KDB GLIDE Device for Advanced Excisional Goniotomy Treatment of Glaucome: Now Commercially Available Across the U.S. to Ophthalmic Surgeons

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February 17, 2021

KDB GLIDE, a device for advanced excisional goniotomy treatment of glaucoma, was registered with the FDA in October 2020. 

“At New World Medical, we are thrilled to offer surgeons the new KDB GLIDE. The Kahook Dual Blade made goniotomy markedly easier, and now feedback from surgeons who use it every day has guided the development of this smooth, elegant and precise next-generation device,” said Raymond Kong, Chief Commercial Officer at New World Medical. “Surgeons appreciate the enhanced experience, but glaucoma patients are the ultimate recipients of KDB GLIDE’s improvements that allow their surgeons better options for treating their condition.”

Excisional goniotomy is a long-established procedure in which a segment of the diseased trabecular meshwork is removed, which facilitates the flow of aqueous into collector channels of the eye, thus alleviating intraocular pressure. Because goniotomy is appropriate for mild, moderate and severe glaucoma, as a stand-alone procedure or in combination with cataract surgery, more than 4.5 million glaucoma1 patients in the U.S. alone are suitable candidates.

The exceptionally successful Kahook Dual Blade family of devices has set a gold standard as accurate, cost-effective solutions for excisional goniotomy. The device’s proprietary ramp facilitates lifting and stretching the trabecular meshwork, while the dual blades penetrate the trabecular meshwork and create parallel incisions for precise, controlled excision. New features in the KDB GLIDE device reinforce these important strengths: a rounded heel, tapered sides, and smaller footplate deliver optimal interface with the canal of Schlemm, permitting precise excision with the instrument’s proprietary dual blades, even in variable anatomy.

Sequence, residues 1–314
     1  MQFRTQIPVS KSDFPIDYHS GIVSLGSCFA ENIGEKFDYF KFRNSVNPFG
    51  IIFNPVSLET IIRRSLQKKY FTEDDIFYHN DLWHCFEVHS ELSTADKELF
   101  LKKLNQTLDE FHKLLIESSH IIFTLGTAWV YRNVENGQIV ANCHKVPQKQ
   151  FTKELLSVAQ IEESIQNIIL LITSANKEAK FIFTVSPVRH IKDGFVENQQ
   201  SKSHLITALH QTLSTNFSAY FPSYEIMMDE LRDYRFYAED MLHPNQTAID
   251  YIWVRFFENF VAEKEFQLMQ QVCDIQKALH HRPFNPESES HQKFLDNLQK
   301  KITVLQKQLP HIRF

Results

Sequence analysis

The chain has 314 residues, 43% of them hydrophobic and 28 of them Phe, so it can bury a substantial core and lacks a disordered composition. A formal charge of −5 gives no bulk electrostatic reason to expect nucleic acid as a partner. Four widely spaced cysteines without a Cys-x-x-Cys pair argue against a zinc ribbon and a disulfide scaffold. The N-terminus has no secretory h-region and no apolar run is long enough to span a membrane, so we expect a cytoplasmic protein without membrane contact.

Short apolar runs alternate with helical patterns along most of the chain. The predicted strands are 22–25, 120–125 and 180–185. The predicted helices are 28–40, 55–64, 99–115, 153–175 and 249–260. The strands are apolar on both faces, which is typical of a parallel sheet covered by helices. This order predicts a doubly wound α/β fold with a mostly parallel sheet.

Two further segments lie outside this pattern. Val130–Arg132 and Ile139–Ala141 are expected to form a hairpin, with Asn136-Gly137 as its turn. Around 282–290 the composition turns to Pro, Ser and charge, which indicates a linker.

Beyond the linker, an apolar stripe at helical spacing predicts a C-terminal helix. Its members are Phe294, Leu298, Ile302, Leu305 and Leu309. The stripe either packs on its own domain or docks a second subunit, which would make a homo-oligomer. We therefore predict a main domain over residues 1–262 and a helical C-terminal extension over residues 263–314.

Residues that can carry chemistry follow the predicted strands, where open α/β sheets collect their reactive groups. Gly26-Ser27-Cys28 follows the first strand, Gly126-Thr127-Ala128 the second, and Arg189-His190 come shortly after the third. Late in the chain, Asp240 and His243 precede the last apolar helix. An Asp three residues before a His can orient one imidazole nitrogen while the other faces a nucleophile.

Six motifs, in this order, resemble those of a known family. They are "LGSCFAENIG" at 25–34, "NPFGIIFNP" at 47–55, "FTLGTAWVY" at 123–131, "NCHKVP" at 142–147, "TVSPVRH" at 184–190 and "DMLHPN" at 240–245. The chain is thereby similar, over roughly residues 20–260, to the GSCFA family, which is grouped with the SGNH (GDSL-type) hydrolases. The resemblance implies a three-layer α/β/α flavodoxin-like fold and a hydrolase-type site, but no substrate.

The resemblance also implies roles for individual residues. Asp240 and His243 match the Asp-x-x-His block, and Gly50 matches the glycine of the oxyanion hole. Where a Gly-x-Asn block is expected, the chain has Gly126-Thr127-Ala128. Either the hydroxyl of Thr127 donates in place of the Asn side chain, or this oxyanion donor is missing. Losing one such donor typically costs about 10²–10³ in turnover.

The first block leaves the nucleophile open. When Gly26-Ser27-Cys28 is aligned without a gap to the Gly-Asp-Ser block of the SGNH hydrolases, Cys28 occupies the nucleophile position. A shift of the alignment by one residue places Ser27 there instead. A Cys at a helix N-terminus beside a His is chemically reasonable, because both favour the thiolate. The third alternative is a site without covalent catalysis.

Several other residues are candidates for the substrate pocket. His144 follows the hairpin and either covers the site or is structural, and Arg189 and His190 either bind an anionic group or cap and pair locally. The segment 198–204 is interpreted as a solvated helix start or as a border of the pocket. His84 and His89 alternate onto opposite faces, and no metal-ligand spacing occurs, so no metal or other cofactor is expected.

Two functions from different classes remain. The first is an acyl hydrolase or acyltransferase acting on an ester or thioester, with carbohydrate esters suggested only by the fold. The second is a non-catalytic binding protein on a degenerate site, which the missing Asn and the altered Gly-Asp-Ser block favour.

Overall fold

“The advantage of the Kahook Dual Blade always has been that it treats pathways of resistance as it smoothly cleaves two areas of the trabecular meshwork, creating a clean strip that minimizes fibrosis and closure over time,” said Nathan Radcliffe, MD, New York Eye and Ear Infirmary of Mount Sinai, New York. “The KDB GLIDE’s foot plate is uniquely designed to fit into the canal of Schlemm, so it can move even more easily through the canal without causing damage, for a graceful and uncomplicated procedure.”

Blake Williamson, MD, Williamson Eye Center, Baton Rouge, added, “Some studies have shown that the Schlemm canal undergoes morphological changes as people age, including narrowing.2 I’m excited to use the KDB GLIDE because its tapered sides and smaller footplate will enable us to smoothly move the device through the canal and remove tissue cleanly, even in cases where the anatomy is narrow or irregular.”

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